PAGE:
Persons interviewed
Maps:

  1. The original periphery concept
  2. The expanded southern periphery
  3. The ethnic periphery
  4. A new periphery?

Index
About the Author

Yossi Alpher was an officer in Israeli military intelligence, followed by twelve years of service in the Mossad. Until 1995, he was director of the Jaffee Center for Strategic Studies at Tel Aviv University. In July 2000, he served as Special Adviser to the Prime Minister of Israel during the Camp David talks. From 2001 to 2012 he was coeditor of the bitterlemons.net family of internet publications.

Reviews: Jones & Petersen, eds., Israel’s Clandestine Diplomacies

Jones, Clive and Tore T. Petersen, eds. Israel’s Clandestine Diplomacies. Oxford and New York: Oxford University Press, 2013.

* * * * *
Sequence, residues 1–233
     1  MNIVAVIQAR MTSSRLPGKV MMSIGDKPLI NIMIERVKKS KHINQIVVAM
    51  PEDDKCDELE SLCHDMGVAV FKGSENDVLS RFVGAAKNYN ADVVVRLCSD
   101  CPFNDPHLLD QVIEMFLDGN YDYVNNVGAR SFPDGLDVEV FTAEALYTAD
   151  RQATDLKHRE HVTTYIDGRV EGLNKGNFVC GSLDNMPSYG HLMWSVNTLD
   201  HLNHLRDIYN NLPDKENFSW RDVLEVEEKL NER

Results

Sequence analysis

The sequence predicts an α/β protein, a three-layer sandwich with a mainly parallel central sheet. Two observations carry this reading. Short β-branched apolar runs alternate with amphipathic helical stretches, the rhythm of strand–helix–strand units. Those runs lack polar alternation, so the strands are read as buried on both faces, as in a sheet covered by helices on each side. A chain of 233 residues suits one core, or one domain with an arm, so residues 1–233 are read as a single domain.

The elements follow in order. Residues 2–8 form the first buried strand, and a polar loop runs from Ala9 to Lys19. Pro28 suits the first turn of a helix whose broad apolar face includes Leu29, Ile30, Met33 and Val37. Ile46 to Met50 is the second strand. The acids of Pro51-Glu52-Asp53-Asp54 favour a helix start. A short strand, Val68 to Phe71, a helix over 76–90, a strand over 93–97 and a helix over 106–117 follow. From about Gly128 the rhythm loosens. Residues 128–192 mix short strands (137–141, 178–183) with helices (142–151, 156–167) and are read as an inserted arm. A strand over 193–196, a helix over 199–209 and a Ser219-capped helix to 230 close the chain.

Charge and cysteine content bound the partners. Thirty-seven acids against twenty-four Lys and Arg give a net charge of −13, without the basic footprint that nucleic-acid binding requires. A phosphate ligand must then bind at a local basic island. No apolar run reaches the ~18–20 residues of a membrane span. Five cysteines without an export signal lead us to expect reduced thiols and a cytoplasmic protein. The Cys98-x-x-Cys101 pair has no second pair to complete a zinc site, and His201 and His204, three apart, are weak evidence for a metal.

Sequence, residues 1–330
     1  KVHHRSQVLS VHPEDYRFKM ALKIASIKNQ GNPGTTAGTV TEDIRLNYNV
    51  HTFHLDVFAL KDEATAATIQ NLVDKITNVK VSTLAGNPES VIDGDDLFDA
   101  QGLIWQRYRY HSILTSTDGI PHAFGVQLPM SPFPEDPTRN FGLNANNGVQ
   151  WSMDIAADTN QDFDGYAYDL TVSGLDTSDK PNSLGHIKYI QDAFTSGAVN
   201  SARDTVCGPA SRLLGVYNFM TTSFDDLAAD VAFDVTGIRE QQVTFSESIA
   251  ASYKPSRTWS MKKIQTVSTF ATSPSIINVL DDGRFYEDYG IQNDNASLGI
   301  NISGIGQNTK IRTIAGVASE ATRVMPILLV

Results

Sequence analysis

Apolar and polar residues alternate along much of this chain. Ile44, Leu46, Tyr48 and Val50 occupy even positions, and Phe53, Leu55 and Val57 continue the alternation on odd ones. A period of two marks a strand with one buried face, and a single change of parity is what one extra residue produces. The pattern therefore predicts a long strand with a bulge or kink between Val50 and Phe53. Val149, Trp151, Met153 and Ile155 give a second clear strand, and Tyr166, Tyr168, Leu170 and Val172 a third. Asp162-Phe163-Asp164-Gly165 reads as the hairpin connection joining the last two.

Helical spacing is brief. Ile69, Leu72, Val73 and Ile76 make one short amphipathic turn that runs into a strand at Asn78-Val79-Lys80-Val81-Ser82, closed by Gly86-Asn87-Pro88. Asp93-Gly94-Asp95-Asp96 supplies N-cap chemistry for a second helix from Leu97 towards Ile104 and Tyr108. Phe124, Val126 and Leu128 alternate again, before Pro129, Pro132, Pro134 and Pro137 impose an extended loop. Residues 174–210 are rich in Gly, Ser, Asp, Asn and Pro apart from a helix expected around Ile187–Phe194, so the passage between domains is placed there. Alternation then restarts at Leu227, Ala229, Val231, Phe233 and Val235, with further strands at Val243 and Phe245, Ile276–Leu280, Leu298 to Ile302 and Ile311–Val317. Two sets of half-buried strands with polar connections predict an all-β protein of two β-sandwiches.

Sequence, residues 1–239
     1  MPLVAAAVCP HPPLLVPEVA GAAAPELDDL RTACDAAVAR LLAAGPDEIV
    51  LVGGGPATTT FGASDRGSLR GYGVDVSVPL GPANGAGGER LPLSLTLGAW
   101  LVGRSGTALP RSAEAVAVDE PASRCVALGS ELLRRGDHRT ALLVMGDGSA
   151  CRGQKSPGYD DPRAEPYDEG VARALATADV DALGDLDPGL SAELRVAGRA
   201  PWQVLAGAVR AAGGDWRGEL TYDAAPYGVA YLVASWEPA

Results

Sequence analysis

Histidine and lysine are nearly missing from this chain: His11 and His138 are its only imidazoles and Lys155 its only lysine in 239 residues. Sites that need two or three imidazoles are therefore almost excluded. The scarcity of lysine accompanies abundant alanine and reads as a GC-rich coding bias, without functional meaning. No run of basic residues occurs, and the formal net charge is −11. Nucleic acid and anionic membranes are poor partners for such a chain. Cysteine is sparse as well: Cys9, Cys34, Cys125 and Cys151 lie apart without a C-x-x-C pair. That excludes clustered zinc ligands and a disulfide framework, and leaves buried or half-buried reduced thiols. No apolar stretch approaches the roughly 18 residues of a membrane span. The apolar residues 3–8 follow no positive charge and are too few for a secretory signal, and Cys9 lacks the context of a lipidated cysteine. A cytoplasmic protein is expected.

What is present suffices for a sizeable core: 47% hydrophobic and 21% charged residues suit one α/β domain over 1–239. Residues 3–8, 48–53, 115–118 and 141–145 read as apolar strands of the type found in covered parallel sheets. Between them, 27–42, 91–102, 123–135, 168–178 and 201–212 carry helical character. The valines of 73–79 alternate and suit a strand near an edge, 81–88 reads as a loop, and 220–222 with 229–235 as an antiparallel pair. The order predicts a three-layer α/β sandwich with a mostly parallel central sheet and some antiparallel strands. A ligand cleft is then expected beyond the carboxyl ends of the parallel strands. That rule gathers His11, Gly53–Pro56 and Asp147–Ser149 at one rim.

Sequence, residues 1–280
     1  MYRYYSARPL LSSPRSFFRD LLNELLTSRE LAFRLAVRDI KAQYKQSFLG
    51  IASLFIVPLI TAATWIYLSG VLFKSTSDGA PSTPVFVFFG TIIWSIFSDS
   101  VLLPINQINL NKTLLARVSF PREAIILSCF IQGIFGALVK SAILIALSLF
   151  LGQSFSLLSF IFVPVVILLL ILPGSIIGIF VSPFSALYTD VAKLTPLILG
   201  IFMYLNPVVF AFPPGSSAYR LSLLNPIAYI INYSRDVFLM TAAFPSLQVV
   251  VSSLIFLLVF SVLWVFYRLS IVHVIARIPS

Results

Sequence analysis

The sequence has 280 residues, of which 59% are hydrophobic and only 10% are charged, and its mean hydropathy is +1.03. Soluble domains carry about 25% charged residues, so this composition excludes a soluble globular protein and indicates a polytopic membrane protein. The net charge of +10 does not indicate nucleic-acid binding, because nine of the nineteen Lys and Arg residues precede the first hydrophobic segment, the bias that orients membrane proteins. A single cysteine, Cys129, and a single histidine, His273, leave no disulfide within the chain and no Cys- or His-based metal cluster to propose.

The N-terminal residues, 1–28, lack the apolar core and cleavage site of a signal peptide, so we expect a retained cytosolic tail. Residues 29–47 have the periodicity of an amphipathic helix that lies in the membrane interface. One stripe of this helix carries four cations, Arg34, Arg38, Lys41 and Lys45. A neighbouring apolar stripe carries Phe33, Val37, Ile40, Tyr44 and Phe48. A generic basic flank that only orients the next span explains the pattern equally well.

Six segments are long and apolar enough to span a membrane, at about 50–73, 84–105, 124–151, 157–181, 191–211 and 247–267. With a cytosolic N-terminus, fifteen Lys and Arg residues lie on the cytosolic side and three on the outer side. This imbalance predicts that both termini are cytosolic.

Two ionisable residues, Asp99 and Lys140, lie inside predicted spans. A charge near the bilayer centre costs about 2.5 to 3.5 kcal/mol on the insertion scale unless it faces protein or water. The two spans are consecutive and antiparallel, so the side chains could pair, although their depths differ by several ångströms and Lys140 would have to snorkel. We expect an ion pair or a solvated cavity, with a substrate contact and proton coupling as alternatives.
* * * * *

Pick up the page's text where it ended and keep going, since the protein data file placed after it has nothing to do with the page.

9780199330669

 

Reviews

  • Eran, Oded. “Review.” Israel Journal of Foreign Affairs 8.2 (2014): 103-105.
  • Rodman, David. “Review.” Israel Affairs 20.3 (2014): 442-444.
  • Inbar, Efraim. “Review.” Diplomacy & Statecraft 26.1 (2015): 201-202.

 
 
 
 
 

New Article: Laron, The Domestic Sources of Israel’s Decision to Launch the 1956 Sinai Campaign

Laron, Guy. “The Domestic Sources of Israel’s Decision to Launch the 1956 Sinai Campaign.” British Journal of Middle Eastern Studies 42.2 (2015): 200-18.

 

URL: http://www.tandfonline.com/eprint/vbr9GxKcWiptjjhC9ynH/

 

Abstract